Faced with rising air pollution, the city of Ahmedabad is launching two innovative strategies the first city-wide air quality monitoring system, and a broad public information and education campaign—to better protect its 6 million residents from heat and pollution-related illnesses, a local partnership announced today.
Ahmedabad is establishing an Air Quality Index to provide real-time data on smog and toxic pollutants so local citizens can take precautions and minimize exposure to harm and illness. It's also establishing "Ahmedabad A.I.R." – an Ahmedabad Air Information and Response plan – intended to reduce health risks from polluted air and impacts from climate change.
"Tackling air pollution is a priority issue for Ahmedabad," said Ahmedabad Mayor Gautam Shah. "We are proud to be launching the A.I.R. plan as we take the health of our citizens very seriously."
The two-pronged effort to build resilience and improve public health is being unveiled for public consultation today at a conference in Ahmedabad by a partnership of city leaders, air quality experts, the Indian Institute of Public Health-Gandhinagar and the Natural Resources Defense Council, which works in India on climate and clean energy issues. The two new initiatives will be set up in the coming weeks.
"Ahmedabad is taking a bold step to safeguard its citizens from dangerous air pollution, especially its most vulnerable - children, the elderly and outdoor workers," said former NRDC President Frances Beinecke, who participated in the announcement. "The combination of an Air Quality Index and the new Ahmedabad A.I.R. campaign will make the city a leader in India in protecting public health."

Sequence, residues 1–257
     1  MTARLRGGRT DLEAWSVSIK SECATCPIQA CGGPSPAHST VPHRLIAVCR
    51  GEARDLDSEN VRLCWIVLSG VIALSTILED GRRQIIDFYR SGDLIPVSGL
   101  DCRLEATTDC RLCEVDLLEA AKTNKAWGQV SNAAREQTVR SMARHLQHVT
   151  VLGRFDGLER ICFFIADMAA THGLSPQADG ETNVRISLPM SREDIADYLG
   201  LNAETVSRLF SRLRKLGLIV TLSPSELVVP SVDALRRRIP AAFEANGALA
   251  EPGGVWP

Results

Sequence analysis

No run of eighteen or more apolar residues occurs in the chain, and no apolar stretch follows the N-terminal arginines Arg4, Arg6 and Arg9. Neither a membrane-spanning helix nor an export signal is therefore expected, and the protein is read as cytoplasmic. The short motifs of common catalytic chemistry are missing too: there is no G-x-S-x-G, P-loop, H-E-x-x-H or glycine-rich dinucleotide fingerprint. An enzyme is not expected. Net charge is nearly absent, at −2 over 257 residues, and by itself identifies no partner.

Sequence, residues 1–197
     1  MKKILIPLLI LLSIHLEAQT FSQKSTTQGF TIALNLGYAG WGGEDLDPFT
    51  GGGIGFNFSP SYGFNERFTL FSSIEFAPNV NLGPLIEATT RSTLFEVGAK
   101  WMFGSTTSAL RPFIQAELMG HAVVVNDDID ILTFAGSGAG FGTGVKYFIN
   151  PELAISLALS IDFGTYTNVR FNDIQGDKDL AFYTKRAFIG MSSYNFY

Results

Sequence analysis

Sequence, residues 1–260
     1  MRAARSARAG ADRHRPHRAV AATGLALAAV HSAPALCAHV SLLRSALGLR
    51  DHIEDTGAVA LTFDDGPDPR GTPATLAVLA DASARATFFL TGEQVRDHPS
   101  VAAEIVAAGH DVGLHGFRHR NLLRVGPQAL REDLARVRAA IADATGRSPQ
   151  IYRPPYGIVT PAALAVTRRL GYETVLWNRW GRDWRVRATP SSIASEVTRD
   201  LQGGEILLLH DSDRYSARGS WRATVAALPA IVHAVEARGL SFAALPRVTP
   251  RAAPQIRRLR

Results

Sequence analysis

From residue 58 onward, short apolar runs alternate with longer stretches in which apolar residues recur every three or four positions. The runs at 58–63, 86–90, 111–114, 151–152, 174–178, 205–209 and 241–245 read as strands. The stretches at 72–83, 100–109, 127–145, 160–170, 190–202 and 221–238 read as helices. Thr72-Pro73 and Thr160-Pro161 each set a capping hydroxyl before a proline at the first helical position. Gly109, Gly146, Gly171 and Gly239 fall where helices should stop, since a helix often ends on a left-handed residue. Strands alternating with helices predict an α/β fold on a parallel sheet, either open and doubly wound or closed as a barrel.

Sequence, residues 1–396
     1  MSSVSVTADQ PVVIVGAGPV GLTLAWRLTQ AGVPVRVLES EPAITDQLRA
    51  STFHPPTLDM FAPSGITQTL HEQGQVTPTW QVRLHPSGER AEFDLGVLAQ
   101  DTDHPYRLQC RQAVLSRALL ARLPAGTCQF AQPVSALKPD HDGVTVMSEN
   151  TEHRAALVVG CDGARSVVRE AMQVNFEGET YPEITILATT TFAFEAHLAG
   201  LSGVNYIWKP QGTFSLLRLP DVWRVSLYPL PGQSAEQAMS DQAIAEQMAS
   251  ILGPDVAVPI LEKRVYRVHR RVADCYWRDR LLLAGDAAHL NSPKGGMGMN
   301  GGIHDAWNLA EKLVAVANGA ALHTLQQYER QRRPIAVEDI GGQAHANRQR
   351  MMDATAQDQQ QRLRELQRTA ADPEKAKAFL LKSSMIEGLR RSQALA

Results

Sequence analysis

Across India, dangerous air pollution threatens the health of tens of millions of people, especially those living in cities. While awareness about the harmful impacts of air pollution is growing, major gaps remain in communicating the health risks and actions that can help minimize exposure.
That's why the Ahmedabad Municipal Corporation (AMC) is developing an air quality index (AQI) with the Indian Institute of Tropical Meteorology (IITM) and the System of Air Quality and Weather Forecasting And Research (SAFAR). Air Quality Index systems already operate in key cities in India, including Pune, Delhi, and Mumbai, among others, as well as internationally in the United States and elsewhere.
City leaders are working with health and meteorology experts and NRDC on the AQI system, and plan to use it to inform the public about rising air pollution health risks in India, and how to take precautions.
The Ahmedabad A.I.R. initiative will develop ways to share AQI data and pollution forecasts; educate the media and public; develop materials for schools to inform students about AQI levels; engage private and public health professionals to build protection strategies against air pollution; and identify future mitigation and exposure reduction measures with key partners.
"The central goal of this cutting-edge effort is to save lives and help the people of Ahmedabad to create healthier communities, more secure from the dangers of air pollution, and prosperous economy," said Anjali Jaiswal, director of NRDC's India Initiative. "Through the AQI and the AIR Plan, countless lives can be saved from air pollution, while also opening collaborative pathways to pollution reduction."
Dr. Dileep Mavalankar, Director of the Indian Institute of Public Health, Gandhinagar, said: "Preparing our cities to adapt to rising air pollution is a critical aspect of addressing serious health issues and mortality. The Ahmedabad A.I.R. plan is tailored to help its most vulnerable residents. With air pollution levels becoming a major concern in many cities, we hope that other cities can also use this model as a foundation to formulate their own air information and response plans."
As India works to expand its energy supply, lift millions out of poverty and provide electricity to millions of Indians who currently do not have it, the country has experienced rising air pollution levels that put Indians' health at risk.
The New York Times recently reported that India's worsening air pollution is causing about 1.1 million people to die prematurely annually and now is surpassing China's as the most dangerous in the world, a new study of global air pollution shows.
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